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Thesis defence

Essays on Entrepreneurship and Firm Dynamics

Add to calendar 2024-06-04 15:30 2024-06-04 17:30 Europe/Rome Essays on Entrepreneurship and Firm Dynamics Seminar Room 3rd Floor Villa La Fonte YYYY-MM-DD


04 June 2024

15:30 - 17:30 CEST


Seminar Room 3rd Floor

Villa La Fonte

PhD thesis defence by Leonardo Indraccolo

This thesis is composed of four essays; the first three chapters are related to entrepreneurship and business formation, while the last one to firm dynamics.

In the first chapter, 'The Role of Human Capital in Entrepreneurship: New Evidence from Danish Data', joint work with Jacek Piosik, we provide new evidence on the role that human capital accumulation plays for selection into entrepreneurship. We build a new dataset based on Danish administrative data to study the characteristics of individuals who select into entrepreneurship and show that entrepreneurs, compared to workers of the same age, are positive selected along different measures of human capital.

In the second chapter, 'Entrepreneurship, Human Capital and Wealth', I study how financial constraints and human capital accumulation interact in shaping entrepreneurial decisions. I propose a quantitative general equilibrium life-cycle model to analyse how human capital accumulation and financial constraints jointly determine i) the life-cycle patterns of entry into entrepreneurship ii) the productivity of businesses started at different stages of an individual’s lifecycle and how they interact in affecting aggregate TFP and resource misallocation. Through counterfactual exercises I establish how most efficiency losses due to the presence of financial frictions stem from the fact that high human capital entrepreneurs run undercapitalised businesses, rather than high human capital individuals not selecting into entrepreneurship. I conclude by using the calibrated model to quantify the efficiency and welfare effects of a tax policy reform aimed at incentivising business creation by young individuals.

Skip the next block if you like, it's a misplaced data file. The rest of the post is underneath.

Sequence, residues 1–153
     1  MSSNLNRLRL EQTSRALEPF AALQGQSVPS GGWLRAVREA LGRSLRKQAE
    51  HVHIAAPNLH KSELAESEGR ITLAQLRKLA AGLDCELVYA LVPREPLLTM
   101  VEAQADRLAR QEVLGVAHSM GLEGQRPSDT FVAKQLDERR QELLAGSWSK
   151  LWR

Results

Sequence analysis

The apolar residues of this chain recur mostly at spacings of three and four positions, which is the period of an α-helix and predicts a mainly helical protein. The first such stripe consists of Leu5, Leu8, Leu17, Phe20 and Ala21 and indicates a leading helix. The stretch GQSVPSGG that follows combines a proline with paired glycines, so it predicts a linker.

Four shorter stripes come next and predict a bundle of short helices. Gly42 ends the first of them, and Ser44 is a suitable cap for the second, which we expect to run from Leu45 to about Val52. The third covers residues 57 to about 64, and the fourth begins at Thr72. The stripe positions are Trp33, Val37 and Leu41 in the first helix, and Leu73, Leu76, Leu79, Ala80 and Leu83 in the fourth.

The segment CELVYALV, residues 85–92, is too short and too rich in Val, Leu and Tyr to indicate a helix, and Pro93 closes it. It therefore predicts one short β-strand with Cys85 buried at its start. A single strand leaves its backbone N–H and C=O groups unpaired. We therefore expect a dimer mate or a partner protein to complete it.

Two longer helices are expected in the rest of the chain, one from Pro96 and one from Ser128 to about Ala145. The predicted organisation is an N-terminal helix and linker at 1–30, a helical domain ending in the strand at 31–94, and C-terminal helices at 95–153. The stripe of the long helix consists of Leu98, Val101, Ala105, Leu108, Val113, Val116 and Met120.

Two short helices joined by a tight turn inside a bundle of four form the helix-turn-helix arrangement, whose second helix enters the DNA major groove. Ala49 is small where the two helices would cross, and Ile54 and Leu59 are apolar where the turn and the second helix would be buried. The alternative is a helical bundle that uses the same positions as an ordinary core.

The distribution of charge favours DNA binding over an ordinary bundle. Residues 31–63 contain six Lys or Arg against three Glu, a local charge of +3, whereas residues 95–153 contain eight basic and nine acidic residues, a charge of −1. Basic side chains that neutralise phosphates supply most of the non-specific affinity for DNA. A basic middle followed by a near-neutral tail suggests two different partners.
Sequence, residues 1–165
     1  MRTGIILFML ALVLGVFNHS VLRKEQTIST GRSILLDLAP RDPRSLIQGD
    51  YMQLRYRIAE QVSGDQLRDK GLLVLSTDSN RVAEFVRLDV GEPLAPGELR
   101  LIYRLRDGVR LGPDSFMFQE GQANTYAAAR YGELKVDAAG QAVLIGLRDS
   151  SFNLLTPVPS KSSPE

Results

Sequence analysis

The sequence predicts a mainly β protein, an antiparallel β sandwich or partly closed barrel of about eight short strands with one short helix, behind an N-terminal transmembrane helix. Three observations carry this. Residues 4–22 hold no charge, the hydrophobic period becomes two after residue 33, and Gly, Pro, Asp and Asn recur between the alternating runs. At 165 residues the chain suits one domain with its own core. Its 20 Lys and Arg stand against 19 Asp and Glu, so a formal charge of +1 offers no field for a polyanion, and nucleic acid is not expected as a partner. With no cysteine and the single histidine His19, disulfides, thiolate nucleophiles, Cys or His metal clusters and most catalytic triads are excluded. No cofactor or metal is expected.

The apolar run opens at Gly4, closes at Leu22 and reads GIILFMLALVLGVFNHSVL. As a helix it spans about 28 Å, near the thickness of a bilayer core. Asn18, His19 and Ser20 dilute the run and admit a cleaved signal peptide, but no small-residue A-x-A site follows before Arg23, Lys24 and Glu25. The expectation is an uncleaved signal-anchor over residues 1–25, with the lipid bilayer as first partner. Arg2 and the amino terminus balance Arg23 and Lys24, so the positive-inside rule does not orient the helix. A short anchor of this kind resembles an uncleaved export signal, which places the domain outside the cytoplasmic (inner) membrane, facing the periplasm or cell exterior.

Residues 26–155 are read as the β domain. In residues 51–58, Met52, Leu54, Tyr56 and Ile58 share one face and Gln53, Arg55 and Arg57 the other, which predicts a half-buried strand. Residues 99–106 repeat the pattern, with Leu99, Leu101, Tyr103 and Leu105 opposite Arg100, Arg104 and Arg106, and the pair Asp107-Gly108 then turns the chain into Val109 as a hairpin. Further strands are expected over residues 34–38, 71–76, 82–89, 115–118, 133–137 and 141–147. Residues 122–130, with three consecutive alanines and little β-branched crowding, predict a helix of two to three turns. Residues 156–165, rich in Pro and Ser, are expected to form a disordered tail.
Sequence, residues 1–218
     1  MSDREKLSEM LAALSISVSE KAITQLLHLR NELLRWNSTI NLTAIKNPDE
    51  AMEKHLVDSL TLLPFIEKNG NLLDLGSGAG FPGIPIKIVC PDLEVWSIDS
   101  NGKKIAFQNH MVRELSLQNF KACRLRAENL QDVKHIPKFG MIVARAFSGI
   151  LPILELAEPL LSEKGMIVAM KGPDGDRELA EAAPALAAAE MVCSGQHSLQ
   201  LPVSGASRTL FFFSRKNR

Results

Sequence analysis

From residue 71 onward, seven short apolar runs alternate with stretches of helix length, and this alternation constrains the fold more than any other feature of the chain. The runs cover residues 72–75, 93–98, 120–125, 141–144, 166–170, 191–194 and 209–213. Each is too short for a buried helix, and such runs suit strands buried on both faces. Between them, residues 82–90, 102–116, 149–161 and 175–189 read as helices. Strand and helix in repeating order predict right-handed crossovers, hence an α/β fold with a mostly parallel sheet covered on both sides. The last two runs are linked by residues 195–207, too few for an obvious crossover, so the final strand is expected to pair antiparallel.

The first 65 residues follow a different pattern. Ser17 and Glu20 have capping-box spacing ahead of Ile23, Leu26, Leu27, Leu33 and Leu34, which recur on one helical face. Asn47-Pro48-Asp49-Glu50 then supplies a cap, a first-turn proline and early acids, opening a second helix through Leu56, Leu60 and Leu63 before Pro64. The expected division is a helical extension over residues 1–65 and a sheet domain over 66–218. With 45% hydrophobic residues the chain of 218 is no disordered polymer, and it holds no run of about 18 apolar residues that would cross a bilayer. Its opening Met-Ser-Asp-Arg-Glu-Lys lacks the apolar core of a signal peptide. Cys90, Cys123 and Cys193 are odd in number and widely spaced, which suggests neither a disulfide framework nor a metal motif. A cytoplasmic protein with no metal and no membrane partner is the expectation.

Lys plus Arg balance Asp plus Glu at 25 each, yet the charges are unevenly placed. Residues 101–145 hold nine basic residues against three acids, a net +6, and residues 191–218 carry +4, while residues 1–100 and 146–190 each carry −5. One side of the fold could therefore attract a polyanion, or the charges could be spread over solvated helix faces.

In the third chapter, 'Teach the Nerds to Make a Pitch: Multidimensional Skills and Selection into Entrepreneurship', joint with Damiano Argan and Jacek Piosik, we ask how individuals’ skill set composition affects self-selection into entrepreneurship. Using Danish administrative data we document the existence of a positive complementarity between math and Danish language high school grades in predicting individuals’ self-selection into entrepreneurship. To casually estimate the effect of skill multidimensionality on the probability of becoming an entrepreneur we propose an identification strategy that uses information on parents’ human capital and exploits within-school, across-cohort variation in students’ exposure to peers whose father has a university degree in humanities. We find that the most treated individual (90th percentile) in our sample has 1.1 percentage points higher probability of becoming an entrepreneur com-pared to the least treated one (10th percentile). The effect is economically significant, being equal to 20% of the overall share of entrepreneurs in the economy.

In the fourth chapter, 'Covid and Productivity in Europe: A Responsiveness Perspective', joint with Russell Cooper and Wolfram Horn, we study the effects of Covid-19 on manufacturing output, employment and productivity across a set of European countries. Using a quantitative firm dynamics model with endogenous entry and exit, key parameters of adjustment costs and market power are estimated to match country-specific responsiveness of firms to exogenous shocks. The estimated model is used to simulate the effects of the Covid-19 shock, with and without policy measures. As seen through counterfactual exercises, the main impact of the policy interventions, treated as work-sharing schemes targeted to low profitability firms and no-firing obligations, was to mitigate the drop in aggregate employment by keeping firms in business. We do not find evidence of adverse productivity effects from these interventions.

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